- The state capture inquiry saw Pravin Gordhan testifying against Jacob Zuma with Gordhan saying that he is grateful for the opportunity
- Ex-Treasury Director General Fuzile also implicated the ex-president, testifying that Zuma’s connections to the Gupta family were clear
- Deputy Chief Justice Zondo has responded to attacks on the commission stating that they will not impede the investigation
The state capture inquiry has been a hot topic this week with the latest development being testimonies implicating former president Jacob Zuma.
Public Enterprises Minister Pravin Gordhan has revealed that he is thankful for the opportunity to tell the country as the world about corruption and state capture that occurred under Zuma’s rule.
“The public and the world needs to know what went wrong under President Zuma, that corruption and capture actually occurred.”
“I’m just the first of one of many who will come to the commission. I’m glad I was able to make a small contribution. Now I’m tired, so I need to go rest a bit.”
The minister concluded his contribution at the state capture inquiry on Wednesday.
Former Treasury Director-General Lungisa Fuzile has also testified against Zuma, alleging that the ex-president’s agenda corresponded with what the Gupta’s were doing.
Lungisa revealed that when Nhlanhla Nene was fired in 2015 Enoch Godongwana ( ANC head of economic transformation) informed him that the Treasury would receive a Gupta minister, armed with advisers chosen by the family.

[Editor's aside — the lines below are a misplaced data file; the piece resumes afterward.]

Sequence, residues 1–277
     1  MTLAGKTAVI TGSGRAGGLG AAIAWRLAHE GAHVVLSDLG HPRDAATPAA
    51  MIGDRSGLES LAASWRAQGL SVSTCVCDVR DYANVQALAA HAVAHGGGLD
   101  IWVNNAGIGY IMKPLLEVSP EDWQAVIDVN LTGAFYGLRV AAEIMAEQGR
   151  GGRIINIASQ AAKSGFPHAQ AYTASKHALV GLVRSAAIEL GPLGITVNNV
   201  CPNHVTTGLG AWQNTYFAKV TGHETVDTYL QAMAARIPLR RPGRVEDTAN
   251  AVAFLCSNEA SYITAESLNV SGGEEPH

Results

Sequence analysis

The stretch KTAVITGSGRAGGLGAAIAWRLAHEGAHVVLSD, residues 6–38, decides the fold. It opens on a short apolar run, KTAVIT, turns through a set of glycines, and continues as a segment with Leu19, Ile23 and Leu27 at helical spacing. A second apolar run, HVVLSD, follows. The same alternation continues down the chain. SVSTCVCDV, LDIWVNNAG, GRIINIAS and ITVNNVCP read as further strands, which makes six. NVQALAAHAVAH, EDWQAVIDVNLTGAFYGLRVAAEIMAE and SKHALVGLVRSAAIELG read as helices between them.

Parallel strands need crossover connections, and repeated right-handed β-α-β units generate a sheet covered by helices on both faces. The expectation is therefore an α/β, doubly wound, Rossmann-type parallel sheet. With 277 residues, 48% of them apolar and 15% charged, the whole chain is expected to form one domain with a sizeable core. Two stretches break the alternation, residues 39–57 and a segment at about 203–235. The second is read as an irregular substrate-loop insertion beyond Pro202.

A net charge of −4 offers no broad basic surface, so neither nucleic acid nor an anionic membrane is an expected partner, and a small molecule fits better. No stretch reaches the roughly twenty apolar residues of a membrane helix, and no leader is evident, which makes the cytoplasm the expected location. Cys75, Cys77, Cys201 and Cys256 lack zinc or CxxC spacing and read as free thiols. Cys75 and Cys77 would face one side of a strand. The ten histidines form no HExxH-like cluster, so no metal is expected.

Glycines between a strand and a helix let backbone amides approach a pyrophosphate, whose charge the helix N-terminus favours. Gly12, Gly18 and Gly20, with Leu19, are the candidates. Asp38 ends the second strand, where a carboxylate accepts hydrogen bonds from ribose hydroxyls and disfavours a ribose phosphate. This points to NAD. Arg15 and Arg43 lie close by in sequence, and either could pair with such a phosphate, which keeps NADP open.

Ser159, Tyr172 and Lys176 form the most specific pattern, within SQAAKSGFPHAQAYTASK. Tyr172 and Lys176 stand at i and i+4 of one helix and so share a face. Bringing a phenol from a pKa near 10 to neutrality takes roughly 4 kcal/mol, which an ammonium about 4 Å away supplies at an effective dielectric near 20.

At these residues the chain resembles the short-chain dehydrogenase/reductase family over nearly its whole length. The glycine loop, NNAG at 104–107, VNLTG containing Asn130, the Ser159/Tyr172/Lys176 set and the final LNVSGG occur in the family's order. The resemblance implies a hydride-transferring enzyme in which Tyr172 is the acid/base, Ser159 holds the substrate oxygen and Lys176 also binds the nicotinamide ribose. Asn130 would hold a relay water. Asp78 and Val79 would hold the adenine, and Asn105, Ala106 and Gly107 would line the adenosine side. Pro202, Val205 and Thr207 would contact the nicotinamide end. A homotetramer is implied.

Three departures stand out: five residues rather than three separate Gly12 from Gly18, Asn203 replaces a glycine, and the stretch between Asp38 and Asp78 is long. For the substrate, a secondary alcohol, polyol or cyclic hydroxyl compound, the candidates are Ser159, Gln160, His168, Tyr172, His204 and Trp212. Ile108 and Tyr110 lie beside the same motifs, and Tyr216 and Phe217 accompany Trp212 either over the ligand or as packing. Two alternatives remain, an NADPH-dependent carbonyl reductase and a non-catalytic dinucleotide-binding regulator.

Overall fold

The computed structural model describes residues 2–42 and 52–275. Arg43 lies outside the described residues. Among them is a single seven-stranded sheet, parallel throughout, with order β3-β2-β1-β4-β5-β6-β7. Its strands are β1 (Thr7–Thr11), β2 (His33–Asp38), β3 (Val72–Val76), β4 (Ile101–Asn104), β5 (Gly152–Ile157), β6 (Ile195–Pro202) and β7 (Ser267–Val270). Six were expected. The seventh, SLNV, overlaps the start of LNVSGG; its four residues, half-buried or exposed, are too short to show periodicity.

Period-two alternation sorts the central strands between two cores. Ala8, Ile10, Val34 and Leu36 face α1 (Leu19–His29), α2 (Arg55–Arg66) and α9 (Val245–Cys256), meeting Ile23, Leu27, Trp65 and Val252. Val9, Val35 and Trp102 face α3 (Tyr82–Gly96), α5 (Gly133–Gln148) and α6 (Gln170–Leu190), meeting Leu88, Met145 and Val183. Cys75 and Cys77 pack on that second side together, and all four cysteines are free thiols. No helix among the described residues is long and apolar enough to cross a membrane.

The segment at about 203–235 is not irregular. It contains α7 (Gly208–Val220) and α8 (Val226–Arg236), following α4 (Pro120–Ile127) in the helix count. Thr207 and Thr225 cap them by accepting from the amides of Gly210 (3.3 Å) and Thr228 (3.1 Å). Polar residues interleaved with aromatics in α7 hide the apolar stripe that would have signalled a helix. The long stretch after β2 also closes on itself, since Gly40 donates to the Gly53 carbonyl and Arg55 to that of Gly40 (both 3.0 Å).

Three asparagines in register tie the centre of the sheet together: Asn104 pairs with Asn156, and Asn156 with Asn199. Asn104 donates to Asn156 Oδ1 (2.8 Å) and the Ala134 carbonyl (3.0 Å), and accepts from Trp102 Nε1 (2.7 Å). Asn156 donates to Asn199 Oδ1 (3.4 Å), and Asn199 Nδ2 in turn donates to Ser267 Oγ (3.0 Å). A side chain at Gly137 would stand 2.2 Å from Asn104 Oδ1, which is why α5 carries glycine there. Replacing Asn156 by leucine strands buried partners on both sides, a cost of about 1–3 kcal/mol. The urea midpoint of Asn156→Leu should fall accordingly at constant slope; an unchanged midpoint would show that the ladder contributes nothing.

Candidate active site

“I was starting to get a picture that there was a connection between what the Guptas wanted and the president of the country wanted and was doing,” he explained.
“The removal of people and their replacement with people who would have either been suggested by the Guptas or connected to the Guptas.”
Fuzile further said that his time at the Treasury made it clear that former president Jacob Zuma was connected to the Guptas.
Lungisa Fuzile further testified that it was clear upon Des van Rooyan’s arrival at the Treasury that he was unfamiliar with the people he brought in as advisers.
In other news, Deputy Chief Justice Raymond Zondo has said that the inquiry will not be impeded in its work by the attacks on the commission.
“There can be no doubt that within the country one can find certain people who would not like this commission to continue [and] would not like this commission to succeed.”
“There’s a job to be done for the country and we will do it. We accept that in doing so there are certain risks, but we will do the job [and] we will not be deterred.” he went on to say.
Zondo also encouraged people working alongside with the commission not to be deterred by those attacking it.
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